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19 March 2019 | Story Thabo Kessah | Photo Thabo Kessah
Thokozile Thulo
Thokozile Thulo says the UFS has changed its focus in supporting students with disabilities.

The Centre for Universal Access and Disability Support (CUADS) has recently opened a permanent office on the Qwaqwa Campus The centre aims to ensure that the University of the Free State increasingly becomes a universally accessible higher-education institution which embraces students with various disabilities.

Thokozile Thulo, CUADS Assistant Officer at Qwaqwa said: “Our focus has changed from ‘special’ accommodation for individuals to the creation of a learning environment that is welcoming and empowering to all students. Integrated learning and education methodologies and processes are being researched and developed to create more awareness among lecturing staff. This incorporates universal design, faculty instruction and curricula.” 

The CUADS office assists students to gain access to study courses, learning materials, various buildings and residences, computer facilities and specialised exams and tests. For visually-impaired students, study material and textbooks in Braille, audio, e-text or enlarged format are provided.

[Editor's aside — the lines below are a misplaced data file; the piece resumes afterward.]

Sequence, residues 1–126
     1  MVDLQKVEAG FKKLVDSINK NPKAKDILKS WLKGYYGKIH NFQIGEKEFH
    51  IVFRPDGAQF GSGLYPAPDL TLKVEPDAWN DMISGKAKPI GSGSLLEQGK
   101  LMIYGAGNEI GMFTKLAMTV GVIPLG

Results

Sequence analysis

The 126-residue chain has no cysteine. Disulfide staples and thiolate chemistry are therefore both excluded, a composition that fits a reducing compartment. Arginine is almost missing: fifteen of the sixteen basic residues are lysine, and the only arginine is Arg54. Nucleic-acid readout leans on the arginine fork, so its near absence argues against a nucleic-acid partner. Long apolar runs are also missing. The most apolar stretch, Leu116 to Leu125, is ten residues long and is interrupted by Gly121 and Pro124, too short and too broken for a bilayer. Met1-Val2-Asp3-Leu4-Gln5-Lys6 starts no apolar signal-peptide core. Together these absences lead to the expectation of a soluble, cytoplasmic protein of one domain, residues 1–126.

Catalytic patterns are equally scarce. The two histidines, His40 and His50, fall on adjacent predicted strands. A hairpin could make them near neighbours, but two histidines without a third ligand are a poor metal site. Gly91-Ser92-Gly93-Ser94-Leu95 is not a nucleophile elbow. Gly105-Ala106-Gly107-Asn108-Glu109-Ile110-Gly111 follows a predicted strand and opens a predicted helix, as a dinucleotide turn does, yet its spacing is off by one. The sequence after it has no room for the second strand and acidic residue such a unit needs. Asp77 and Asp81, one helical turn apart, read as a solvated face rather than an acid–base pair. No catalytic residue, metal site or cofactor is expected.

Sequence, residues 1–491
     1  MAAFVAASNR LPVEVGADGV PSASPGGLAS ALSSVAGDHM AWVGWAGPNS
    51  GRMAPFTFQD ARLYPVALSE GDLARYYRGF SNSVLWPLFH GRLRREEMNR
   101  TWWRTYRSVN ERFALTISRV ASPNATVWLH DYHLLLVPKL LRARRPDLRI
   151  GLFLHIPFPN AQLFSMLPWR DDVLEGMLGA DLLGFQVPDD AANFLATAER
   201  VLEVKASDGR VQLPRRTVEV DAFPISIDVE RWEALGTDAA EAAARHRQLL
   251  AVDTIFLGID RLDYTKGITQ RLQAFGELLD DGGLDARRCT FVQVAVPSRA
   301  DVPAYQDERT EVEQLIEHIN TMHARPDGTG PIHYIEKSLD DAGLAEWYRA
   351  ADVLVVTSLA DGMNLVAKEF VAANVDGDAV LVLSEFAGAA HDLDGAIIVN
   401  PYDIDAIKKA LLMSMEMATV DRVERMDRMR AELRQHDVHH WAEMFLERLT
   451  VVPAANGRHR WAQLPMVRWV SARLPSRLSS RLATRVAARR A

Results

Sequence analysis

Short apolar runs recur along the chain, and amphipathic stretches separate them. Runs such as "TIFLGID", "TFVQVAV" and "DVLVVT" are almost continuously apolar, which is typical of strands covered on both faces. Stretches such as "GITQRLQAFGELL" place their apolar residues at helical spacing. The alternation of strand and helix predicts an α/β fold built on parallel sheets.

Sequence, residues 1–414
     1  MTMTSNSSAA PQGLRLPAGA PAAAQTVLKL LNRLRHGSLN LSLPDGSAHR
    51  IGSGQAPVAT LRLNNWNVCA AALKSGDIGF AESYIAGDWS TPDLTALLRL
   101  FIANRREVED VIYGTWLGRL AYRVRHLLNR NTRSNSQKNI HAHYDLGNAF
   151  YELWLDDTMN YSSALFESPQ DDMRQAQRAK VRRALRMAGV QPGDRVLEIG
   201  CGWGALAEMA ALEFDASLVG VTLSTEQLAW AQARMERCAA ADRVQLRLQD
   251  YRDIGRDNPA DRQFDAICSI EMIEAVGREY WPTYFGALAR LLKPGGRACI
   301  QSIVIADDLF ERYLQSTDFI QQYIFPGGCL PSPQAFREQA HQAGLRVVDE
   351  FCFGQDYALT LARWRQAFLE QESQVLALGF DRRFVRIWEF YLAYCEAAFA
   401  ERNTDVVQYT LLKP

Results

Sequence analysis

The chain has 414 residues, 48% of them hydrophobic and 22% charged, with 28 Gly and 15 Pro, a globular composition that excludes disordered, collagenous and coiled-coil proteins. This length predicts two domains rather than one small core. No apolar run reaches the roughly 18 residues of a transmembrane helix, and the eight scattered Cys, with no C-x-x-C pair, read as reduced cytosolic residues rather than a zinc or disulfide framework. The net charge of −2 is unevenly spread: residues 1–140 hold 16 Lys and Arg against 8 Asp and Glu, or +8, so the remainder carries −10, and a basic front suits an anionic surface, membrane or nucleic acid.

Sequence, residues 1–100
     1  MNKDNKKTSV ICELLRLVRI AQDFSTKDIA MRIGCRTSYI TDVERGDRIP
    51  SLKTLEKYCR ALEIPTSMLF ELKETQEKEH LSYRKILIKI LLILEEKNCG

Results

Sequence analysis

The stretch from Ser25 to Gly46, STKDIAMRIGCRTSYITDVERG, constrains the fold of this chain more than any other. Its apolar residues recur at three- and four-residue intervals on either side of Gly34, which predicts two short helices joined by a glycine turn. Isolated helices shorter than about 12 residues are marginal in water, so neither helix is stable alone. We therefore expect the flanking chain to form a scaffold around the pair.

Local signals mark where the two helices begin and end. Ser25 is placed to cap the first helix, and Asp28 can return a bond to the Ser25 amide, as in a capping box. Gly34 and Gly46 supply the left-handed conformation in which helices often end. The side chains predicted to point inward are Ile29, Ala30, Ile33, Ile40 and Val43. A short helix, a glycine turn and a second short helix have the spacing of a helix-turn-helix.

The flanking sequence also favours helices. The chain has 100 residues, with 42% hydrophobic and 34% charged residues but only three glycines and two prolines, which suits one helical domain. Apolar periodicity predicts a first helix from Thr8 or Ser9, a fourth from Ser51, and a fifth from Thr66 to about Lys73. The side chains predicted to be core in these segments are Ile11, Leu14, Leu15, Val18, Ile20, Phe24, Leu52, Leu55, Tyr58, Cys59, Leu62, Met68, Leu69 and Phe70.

The office also supports students with various psychosocial and chronic conditions such as epilepsy and panic disorder, as well as learning difficulties such as dyslexia and hyperactivity. “In addition, we support students with special arrangements such as extra time for tests and exams,” said Thokozile.



News Archive

National interpreter project awarded to the UFS
2008-03-07

 
A national project on the training of court interpreters was recently officially launched on the Main Campus of the University of the Free State (UFS) in Bloemfontein. It is a joint project of the UFS, the Department of Justice and Constitutional Development, and the Safety and Security Sector Education and Training Authority (SASSETA). The project includes the training of 100 court interpreters countrywide over the next two years. It was awarded to the Department Afroasiatic Studies, Sign Language and Language Practice at the UFS after all higher education institutions in the country had the opportunity to apply to undertake this project. The project is lead by Prof. Annelie Lotriet, Associate Professor in the Department of Afroasiatic Studies, Sign Language and Language Practice and an internationally renowned interpreting expert, who was also responsible for the training of interpreters for the former Truth and Reconciliation Commission. At the launch of the project were, from the left: Mr Zongezile Baloyi (Chief Executive Officer of SASSETA), Prof. Lotriet, and Prof. Sakkie Steyn (Registrar: General at the UFS).
Photo: Leonie Bolleurs

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